Virabhadra plaque

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Shiva as Virabhadra stand in a relaxed posture under an elaborate arch placed above a goose form on either side. The arch curves inward and forms a heart shape at the center meeting in a mask of glory, a kirtimukha. Against the pillars holding up the arch are figures of the goat-headed Daksha on his right and saintly figure on his right. Both are in posed of devotion with their hands in a prayer pose, namaskara. Virabhadra has four arms (reading clockwise from his front right hand) holding a sword, an axe, a trident and resting on a club. He wears a lower garment covered by a series of belts and a multi-tiered necklace coving much of his chest. He also wears a long garland decorated with small human heads at the bottom across his thighs. A five-headed snake hood is spread behind his crown and coils of the snake project above each of his shoulders.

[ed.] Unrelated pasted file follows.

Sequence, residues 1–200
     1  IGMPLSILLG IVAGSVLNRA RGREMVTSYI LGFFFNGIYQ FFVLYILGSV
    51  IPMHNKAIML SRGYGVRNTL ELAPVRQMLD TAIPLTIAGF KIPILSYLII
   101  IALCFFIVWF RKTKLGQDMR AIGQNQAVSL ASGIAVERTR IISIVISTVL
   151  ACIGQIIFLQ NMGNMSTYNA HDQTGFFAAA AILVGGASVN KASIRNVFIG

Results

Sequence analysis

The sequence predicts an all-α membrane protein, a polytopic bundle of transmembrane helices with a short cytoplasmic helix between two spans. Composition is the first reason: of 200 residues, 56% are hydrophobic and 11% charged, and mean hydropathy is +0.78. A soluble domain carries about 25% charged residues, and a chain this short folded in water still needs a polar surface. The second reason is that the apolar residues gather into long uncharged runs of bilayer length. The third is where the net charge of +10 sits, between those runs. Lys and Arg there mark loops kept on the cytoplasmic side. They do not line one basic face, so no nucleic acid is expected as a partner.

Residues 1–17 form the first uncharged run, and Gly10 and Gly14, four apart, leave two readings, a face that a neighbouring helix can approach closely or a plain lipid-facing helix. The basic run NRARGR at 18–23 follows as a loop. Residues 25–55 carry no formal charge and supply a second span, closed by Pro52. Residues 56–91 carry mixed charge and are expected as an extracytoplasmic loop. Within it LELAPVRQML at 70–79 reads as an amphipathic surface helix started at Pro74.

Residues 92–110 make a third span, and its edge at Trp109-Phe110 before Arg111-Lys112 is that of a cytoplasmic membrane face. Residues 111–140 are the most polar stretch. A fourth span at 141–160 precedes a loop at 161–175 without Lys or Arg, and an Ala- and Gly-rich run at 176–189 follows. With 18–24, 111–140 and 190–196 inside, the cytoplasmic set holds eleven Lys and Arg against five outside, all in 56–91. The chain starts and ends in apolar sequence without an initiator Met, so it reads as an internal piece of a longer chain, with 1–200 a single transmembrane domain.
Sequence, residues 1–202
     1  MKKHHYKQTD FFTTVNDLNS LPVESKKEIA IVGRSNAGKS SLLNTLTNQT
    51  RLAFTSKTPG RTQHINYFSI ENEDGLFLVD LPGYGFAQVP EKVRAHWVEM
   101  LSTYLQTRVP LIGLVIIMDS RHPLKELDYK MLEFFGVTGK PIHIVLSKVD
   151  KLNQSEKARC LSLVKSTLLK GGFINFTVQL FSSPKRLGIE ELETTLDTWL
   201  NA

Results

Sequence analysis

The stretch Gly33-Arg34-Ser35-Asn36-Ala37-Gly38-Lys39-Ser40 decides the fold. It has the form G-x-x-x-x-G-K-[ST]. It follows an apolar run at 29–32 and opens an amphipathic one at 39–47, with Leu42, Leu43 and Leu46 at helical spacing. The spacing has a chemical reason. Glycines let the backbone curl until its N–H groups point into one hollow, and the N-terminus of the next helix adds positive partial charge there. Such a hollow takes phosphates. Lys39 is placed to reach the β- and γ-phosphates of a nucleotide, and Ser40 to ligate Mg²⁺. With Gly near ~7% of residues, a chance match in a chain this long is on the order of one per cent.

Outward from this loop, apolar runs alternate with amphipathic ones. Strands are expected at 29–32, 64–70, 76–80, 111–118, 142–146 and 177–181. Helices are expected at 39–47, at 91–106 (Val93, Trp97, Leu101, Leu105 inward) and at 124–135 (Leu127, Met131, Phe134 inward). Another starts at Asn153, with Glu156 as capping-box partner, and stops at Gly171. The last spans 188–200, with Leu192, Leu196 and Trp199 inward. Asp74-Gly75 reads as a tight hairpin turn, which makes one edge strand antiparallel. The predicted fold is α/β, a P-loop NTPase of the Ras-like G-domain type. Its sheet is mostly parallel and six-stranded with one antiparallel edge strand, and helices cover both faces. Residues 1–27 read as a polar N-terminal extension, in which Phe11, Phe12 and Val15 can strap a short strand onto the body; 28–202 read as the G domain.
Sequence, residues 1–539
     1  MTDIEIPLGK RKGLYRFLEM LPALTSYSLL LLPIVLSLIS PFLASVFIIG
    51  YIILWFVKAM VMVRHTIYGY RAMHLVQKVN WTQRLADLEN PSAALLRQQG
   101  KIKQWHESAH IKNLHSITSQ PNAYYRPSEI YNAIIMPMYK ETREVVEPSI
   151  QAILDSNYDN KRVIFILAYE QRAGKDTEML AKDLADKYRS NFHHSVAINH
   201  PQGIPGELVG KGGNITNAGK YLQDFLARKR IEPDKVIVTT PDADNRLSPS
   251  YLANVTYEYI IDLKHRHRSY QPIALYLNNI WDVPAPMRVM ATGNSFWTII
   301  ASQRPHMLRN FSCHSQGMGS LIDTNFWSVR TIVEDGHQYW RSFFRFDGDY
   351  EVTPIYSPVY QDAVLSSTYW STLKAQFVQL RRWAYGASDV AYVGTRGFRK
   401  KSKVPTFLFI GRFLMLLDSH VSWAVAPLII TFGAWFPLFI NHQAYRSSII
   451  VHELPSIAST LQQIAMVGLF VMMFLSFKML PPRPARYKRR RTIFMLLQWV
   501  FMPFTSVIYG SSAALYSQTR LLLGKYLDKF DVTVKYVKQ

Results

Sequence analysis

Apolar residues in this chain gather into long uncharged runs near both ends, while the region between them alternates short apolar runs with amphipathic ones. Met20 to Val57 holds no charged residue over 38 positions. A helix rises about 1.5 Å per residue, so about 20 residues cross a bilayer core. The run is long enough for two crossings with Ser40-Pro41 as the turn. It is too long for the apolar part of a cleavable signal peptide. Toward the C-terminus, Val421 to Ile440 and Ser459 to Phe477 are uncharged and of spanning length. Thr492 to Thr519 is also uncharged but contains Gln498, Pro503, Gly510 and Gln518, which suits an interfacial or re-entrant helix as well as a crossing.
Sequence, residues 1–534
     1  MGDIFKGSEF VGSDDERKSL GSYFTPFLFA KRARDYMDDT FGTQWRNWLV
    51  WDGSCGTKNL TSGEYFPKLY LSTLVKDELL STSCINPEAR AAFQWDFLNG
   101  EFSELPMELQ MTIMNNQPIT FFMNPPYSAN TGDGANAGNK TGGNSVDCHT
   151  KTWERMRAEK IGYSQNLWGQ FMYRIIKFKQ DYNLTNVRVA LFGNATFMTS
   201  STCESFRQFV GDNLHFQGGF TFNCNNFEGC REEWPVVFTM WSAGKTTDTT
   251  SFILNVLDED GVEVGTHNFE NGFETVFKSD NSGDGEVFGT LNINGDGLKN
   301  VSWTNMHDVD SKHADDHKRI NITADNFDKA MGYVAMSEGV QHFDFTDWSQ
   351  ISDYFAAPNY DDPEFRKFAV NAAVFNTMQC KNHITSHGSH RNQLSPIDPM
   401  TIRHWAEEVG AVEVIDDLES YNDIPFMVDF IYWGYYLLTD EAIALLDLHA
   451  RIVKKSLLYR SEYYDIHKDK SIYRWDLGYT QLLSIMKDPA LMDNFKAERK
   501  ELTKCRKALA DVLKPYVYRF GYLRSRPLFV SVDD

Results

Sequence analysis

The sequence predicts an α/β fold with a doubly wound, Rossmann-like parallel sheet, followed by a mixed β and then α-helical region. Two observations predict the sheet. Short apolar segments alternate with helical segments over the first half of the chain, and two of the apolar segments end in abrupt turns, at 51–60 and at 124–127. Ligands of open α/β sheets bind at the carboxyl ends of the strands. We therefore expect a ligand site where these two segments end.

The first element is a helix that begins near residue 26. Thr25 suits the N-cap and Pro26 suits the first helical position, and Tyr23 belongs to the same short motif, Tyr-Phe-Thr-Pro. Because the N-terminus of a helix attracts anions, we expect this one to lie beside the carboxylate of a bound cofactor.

Artist Unknown, India, South India
20th century
Virabhadra was an emissary created by Shiva to wreak punishment on his father-in-law, Daksha, who had refused to render him offerings when performing a great ceremony of sacrifice. Virabhadra carries Shiva’s standard attributes of the drum and trident in his back two hands. His sword and necklace of human heads indicate his wrathful nature. The sun and the moon are above his head, and he is crowned with a high topknot and a snake hood. He stands before a flaming aureole, surmounted by a kirtimukha or face of glory. With his left hand he gestures toward the goddess Parvati, while at his lower right stands the ram-headed Daksha, now submissive. Virabhadra was widely worshipped in the villages of south India, and inexpensive hammered metal plaques such as these were readily available from local smiths.
Gift of Dr. and Mrs. Leo S. Figiel and Dr. and Mrs. Steven J. Figiel
Saturday, August 13, 2022